>= Greater than or equal to
< Less than
<= Less than or equal to
Standard mathematical symbols used to check values of the conditions.

In addition to mathematical equations, you can set logical conditions such as checking to see whether a person is a member of a certain group. To do so, use the MEMBER OF or NOT MEMBER OF commands.

You can use the AND and OR commands to narrow your conditions. As you can probably guess, you use AND when you want to have two or more conditions met. Use OR if you have two or more conditions that are satisfactory, and you don’t care which is met.

You can also nest IF…THEN commands up to 10 levels deep. Nesting refers to the placement of IF…THEN commands inside of another IF…THEN command. If the condition of the first IF…THEN command is satisfied, then the login script tests for the second IF…THEN command. When that condition is satisfied, then the commands execute normally. An example is:

 WRITE “Your wish is my command”

As I mentioned when discussing the GOTO command, you don’t want to issue a GOTO out of a nested IF…THEN statement.

You probably won’t use the INCLUDE command, but it can be a very handy command. It’s also one that can be quite confusing from an administrative point of view. You use the INCLUDE command to execute another object's login script as a part of the current login script. Doing so can save you time retyping another login script, but it can be an administrative headache when you have to make changes to your scripts. The syntax for the command is INCLUDE object_name where object_name is the name of the object that contains the login script you want to include.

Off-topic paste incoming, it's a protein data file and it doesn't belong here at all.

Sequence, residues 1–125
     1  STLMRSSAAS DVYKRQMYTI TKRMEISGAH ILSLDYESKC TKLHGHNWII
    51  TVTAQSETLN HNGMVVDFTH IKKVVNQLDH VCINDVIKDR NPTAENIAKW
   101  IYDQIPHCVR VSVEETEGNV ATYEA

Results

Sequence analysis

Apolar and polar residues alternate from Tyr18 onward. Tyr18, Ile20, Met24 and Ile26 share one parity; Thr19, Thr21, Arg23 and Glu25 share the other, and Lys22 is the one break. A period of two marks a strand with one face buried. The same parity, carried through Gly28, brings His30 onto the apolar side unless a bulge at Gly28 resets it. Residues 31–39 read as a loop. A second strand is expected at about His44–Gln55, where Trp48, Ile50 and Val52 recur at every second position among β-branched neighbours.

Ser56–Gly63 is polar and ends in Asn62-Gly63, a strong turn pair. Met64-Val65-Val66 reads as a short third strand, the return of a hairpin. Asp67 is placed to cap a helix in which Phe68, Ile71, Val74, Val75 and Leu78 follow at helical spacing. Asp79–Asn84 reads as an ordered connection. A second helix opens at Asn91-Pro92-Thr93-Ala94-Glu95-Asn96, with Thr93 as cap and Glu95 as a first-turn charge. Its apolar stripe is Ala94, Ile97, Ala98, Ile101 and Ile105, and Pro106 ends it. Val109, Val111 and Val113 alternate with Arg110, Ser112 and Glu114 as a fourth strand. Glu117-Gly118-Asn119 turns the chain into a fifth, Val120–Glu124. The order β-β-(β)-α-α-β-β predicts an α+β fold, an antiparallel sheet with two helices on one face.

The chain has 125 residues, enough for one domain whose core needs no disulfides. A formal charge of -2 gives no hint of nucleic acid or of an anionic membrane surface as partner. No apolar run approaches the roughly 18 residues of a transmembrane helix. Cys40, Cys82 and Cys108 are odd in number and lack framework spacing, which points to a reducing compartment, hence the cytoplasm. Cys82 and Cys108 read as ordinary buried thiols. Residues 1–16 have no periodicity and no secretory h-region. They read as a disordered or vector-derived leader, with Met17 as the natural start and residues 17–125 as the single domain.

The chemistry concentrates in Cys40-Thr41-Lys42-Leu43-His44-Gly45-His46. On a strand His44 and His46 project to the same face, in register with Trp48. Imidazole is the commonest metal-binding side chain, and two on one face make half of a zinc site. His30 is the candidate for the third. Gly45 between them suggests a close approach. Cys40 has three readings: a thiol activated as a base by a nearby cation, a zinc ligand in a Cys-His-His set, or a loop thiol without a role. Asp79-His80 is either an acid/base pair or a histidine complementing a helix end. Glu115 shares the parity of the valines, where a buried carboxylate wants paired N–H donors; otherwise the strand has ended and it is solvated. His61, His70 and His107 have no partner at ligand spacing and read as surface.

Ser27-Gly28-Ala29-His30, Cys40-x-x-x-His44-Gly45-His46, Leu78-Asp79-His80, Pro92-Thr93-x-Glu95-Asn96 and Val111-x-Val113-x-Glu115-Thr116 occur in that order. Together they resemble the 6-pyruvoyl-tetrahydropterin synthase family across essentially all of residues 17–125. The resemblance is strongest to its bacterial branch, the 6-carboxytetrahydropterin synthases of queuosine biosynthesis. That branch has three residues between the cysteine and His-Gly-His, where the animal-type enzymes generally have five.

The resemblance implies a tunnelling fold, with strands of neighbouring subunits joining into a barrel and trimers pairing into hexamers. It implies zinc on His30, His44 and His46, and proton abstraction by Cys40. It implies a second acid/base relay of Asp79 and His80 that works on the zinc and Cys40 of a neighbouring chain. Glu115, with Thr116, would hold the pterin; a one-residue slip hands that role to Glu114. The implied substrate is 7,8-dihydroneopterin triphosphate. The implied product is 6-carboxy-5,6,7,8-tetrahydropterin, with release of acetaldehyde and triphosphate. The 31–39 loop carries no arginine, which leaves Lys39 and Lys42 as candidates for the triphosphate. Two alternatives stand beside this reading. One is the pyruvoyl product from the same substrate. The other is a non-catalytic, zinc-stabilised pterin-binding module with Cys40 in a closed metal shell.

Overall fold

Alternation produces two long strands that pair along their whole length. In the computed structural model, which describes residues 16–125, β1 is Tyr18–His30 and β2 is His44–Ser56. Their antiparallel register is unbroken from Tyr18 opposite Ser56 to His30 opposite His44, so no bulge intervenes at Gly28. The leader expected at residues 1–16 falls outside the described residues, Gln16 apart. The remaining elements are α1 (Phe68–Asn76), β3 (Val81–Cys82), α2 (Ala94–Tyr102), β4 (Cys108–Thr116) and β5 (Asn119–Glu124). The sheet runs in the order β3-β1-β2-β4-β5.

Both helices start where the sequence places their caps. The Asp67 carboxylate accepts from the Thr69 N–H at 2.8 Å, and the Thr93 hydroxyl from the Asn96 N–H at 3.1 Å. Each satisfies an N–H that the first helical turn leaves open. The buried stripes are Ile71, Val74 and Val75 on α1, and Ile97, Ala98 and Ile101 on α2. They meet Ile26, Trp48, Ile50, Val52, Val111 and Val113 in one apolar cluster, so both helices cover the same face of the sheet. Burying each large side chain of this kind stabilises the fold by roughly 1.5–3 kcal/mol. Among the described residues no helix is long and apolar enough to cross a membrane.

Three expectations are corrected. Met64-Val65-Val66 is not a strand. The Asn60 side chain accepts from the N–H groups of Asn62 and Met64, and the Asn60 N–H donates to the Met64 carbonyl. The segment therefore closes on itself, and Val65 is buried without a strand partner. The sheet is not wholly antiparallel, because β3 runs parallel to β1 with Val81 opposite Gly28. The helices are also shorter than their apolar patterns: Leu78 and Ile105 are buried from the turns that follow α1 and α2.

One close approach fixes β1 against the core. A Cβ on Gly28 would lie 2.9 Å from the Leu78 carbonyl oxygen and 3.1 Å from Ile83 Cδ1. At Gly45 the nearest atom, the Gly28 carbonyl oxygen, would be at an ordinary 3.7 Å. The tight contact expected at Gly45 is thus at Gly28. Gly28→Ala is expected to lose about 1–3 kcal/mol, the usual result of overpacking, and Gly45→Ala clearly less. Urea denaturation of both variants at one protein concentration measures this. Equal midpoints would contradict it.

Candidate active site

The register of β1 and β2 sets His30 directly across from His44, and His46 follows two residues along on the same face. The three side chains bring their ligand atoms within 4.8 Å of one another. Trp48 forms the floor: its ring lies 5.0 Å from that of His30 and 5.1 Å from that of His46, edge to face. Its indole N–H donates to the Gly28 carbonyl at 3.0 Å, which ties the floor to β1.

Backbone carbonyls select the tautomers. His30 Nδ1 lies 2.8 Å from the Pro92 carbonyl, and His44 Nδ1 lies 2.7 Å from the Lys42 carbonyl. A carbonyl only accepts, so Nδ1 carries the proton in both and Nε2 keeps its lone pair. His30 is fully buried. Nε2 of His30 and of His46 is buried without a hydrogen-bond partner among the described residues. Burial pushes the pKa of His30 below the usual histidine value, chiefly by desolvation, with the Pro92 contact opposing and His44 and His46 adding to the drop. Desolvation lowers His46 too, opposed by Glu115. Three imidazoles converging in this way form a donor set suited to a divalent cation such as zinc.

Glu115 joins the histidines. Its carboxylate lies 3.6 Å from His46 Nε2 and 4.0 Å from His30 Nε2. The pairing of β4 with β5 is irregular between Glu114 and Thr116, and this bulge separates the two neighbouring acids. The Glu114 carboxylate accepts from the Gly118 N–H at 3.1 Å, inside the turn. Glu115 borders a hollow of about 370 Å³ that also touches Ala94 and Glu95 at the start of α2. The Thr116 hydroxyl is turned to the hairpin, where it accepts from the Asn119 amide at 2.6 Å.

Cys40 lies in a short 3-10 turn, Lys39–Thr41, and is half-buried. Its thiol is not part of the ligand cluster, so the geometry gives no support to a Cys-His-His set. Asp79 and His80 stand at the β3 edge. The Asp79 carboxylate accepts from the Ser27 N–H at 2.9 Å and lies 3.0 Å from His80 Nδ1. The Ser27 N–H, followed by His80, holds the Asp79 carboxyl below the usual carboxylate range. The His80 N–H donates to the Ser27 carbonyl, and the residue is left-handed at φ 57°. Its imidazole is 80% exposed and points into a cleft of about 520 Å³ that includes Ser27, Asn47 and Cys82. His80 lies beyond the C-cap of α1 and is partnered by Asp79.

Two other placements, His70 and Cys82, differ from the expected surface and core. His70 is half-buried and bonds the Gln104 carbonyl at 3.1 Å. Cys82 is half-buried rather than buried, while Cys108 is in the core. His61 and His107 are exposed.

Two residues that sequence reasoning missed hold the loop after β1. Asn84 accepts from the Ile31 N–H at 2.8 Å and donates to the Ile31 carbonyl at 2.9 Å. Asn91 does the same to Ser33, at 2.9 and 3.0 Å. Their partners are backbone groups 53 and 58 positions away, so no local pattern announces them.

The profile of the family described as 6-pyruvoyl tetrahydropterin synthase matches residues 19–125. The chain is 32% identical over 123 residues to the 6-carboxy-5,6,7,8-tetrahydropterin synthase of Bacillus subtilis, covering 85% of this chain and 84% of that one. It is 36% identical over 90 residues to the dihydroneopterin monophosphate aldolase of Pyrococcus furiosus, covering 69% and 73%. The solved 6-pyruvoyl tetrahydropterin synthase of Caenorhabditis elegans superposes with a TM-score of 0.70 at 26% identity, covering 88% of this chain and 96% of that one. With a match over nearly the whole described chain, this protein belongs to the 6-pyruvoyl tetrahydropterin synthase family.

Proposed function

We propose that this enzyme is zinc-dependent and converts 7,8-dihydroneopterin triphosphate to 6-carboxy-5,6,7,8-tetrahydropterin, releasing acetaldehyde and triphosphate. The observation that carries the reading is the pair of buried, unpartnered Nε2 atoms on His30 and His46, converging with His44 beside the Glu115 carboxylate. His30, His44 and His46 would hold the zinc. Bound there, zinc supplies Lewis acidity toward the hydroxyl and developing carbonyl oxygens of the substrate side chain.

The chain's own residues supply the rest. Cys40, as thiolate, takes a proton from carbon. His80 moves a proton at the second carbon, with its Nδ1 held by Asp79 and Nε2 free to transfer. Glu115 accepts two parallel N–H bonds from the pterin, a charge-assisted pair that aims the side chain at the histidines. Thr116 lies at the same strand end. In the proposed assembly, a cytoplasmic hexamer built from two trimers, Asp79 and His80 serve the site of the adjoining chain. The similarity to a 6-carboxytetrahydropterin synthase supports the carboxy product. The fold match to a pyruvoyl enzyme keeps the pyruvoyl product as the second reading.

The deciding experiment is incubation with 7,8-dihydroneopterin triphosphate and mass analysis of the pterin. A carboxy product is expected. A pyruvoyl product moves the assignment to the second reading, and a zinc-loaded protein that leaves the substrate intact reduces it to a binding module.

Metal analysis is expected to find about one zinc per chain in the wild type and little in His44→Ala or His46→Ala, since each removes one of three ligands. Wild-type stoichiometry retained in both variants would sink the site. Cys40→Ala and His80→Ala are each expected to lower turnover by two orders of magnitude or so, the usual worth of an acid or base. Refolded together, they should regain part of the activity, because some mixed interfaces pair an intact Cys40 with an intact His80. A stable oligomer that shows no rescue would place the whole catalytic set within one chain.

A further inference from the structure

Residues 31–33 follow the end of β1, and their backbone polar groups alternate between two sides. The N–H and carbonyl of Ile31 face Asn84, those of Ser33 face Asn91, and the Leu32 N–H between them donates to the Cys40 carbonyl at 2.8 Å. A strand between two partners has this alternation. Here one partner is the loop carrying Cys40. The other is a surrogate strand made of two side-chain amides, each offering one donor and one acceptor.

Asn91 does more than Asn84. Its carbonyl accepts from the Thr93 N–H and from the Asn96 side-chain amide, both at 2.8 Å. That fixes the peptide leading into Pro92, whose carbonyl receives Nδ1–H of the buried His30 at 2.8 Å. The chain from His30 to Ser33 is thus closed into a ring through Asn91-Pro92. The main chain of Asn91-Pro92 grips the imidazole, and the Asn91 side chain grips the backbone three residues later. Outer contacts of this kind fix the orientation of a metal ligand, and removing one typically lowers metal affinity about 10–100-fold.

You can include text files as well as login scripts from other objects. If you want to use a text file, put the path and filename information in place of the object.

As you can probably guess, the LASTLOGINTIME command displays the last time the user logged in. There are no options to the command, just issue it by itself.

You’ll probably use the MAP command more than most commands in your login scripts. The MAP command allows you to create drive letters associated with volumes and directories on your NetWare servers. You can also create search maps. A search mapped drive is one that the user’s computer will look at to execute a command if the command doesn’t exist on the user’s current directory.

The MAP command is very easy to use and has several options that give you more control over the user’s environment. The syntax for the MAP command is MAP [[options]|[parameters][drive:=path].

The path statement is where you type the source path (such as SNOWBALL_SYS:\) where the mapped drive will point. You’ll replace the drive statement with the physical drive letter (such as Z:) that you want to map the path to. When mapping to an NDS object, use the object's fully distinguished name preceded by a leading period (.), such as .SNOWBALL.TPG.